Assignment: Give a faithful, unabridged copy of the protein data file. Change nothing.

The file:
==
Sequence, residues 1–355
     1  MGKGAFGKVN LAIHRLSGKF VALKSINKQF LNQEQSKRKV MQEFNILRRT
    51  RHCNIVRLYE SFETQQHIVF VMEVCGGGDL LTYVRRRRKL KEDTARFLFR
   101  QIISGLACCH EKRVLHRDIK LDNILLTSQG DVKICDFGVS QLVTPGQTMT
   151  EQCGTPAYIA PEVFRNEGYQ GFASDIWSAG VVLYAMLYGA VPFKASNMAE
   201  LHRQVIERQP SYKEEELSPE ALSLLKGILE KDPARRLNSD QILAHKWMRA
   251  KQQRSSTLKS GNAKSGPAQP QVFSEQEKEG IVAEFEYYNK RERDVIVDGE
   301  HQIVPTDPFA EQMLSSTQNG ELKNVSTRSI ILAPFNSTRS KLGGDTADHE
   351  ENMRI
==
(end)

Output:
Sequence, residues 1–355
     1  MGKGAFGKVN LAIHRLSGKF VALKSINKQF LNQEQSKRKV MQEFNILRRT
    51  RHCNIVRLYE SFETQQHIVF VMEVCGGGDL LTYVRRRRKL KEDTARFLFR
   101  QIISGLACCH EKRVLHRDIK LDNILLTSQG DVKICDFGVS QLVTPGQTMT
   151  EQCGTPAYIA PEVFRNEGYQ GFASDIWSAG VVLYAMLYGA VPFKASNMAE
   201  LHRQVIERQP SYKEEELSPE ALSLLKGILE KDPARRLNSD QILAHKWMRA
   251  KQQRSSTLKS GNAKSGPAQP QVFSEQEKEG IVAEFEYYNK RERDVIVDGE
   301  HQIVPTDPFA EQMLSSTQNG ELKNVSTRSI ILAPFNSTRS KLGGDTADHE
   351  ENMRI